Then he gave the portrait to his two-year-old
daughter.
addition to this loss of confidence in their su-
periors, many of the enlisted men have the griev-
ance of poor food. While the Army purchases the
best type of food produced, the careless officer
often allows the, preparation of that food to
become slovenly and unappetizing.
Although the food complaints and even per-
haps the loss of confidence in leadership might
be classed as grousing by some people, there are
several other factors that cannot be so ┬░dis-
missed. These are the bad effects of the lack
of equipment, the lack of a feeling of purpose
and the lack of proper amusement for soldiers
on leave. It is all right to spend the beginning
of one's period of service pretending that brooms
are weapons, but after six months it becomes-
demoralizing. Most of the draftees who entered
the Army with the feeling that their country
was in danger have lost the sense of emergency.
Perhaps even more injurious to morale is the
attitude of the civilian population towards the
soldiers on leave. Association betWeen the "de-
cent" town girls aid the boys from the nearby
camps are frdwned upon. Still without the
promised USO recreation halls, Army men are
forced to stand around on the street corners.
Fortunately for all concerned, no one realizes
and understands the problem of morale and its
solution better than the Army and the United
States government. The bad effect of the sud-
den extension of service has been alleviated by
the promise to release the majority of men after
only 18 months. A systematic program of re-
allocating those officers who have proven them-
selves unfit to command has also been under-
taken. This process, sadly enough, has been
made difficult by the cry of outraged editorial
writers. Army authorities have been accused of
everything from playing politics to dismissing
patriotic heroes unjustly. What should be re-
membered is that a change in position or even
a dismissal is not a disgrace. Perhaps the re-
servist involved was merely never suited to his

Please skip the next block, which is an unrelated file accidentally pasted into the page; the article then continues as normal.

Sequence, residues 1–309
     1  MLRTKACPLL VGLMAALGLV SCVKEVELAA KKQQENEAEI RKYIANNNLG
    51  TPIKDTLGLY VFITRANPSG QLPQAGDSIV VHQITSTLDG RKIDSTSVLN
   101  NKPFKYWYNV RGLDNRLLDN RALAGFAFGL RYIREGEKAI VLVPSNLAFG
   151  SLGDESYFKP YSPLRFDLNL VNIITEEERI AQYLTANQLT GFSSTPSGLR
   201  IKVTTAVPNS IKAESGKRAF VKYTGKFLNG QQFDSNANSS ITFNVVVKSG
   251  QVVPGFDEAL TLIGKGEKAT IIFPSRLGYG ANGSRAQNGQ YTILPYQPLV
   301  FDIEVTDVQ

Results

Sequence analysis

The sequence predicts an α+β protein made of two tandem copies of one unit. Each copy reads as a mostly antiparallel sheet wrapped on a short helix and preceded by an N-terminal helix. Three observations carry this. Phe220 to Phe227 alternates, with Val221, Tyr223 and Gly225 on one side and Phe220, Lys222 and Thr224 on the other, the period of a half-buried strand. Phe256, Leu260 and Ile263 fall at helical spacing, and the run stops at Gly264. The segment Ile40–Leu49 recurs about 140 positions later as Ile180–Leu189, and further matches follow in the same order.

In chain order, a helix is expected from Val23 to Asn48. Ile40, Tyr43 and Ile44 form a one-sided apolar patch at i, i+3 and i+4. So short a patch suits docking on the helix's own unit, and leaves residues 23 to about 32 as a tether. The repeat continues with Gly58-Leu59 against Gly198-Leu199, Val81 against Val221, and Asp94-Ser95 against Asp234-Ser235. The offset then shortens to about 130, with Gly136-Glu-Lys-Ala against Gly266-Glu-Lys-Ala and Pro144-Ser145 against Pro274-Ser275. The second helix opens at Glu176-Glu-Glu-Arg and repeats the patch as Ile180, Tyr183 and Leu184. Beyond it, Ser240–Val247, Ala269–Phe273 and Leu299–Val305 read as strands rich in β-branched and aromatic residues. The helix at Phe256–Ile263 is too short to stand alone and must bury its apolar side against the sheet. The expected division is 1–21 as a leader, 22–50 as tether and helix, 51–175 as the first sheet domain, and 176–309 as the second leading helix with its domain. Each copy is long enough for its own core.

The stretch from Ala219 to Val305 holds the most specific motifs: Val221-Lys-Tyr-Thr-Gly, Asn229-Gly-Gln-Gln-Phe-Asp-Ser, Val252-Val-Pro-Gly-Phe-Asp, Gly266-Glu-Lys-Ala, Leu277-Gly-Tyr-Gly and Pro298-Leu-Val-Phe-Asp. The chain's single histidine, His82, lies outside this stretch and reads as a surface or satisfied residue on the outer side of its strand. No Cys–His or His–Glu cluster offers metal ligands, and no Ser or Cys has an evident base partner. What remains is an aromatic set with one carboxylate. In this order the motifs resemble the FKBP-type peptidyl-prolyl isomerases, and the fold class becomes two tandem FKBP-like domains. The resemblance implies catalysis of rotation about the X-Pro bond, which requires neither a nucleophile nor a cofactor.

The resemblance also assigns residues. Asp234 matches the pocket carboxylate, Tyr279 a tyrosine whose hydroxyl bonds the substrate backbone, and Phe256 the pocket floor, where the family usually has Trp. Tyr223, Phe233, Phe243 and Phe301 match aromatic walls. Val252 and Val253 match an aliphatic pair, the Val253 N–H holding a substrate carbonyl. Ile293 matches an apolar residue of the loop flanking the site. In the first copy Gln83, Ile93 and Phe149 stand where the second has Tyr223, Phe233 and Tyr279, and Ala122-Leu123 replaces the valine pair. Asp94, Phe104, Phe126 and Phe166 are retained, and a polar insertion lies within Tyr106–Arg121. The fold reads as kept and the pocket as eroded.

job or had become stale after years of inactivity.

THE SENSE THAT HE IS SERVING his coun-
try in its hour of need has again been par-
tially restored to the selective service man by
President Roosevelt's historic fireside chat a
month ago, warning of the ever-present Nazi
menace. The lack of equipment is gradually being
met. The one seemingly unconquerably barrier
is the civilian attitude. The feeling that the
soldier is inferior or morally corrupt must be
abolished. Until the USO can fully organize its
program, the average citizen-soldier's lot must
be made as good as possible. Towns located near
the camps might 'well provide some recreational
and social progranms. After all the man in uni-
form is sacoificing his all for the nation, we in
civilian life should at least be willing to make
his burden easier.
Clearly, then, a lot remains to be done. The
government must continue to attack the morale
problem by discharging men after 18 months
service provided the nation is still at peace, by
reallocating or dismissing incompetent officers
despite the cry from the public, by constantly
reminding the service man that he is serving
his country in its hour of need, and by making
up equipment deficiencies. The greatest burden,
hnwxraurr eamains with the civilian nonniatinn

, '~ New Nazi Schemes
S. Intelligence authorities have uncovered a
new Nazi scheme to get desperately needed
rgw materials at the expense of our Latin Ameri-
I can Good Neighbor policy and the British
blockade.
The way the plan works is this: The Nazis
get a friendly neutral European country to ap-
proach a South American government with an
attractive offer to buy a large quantity of goods.
Ostensibly the purchase is for the neutral, but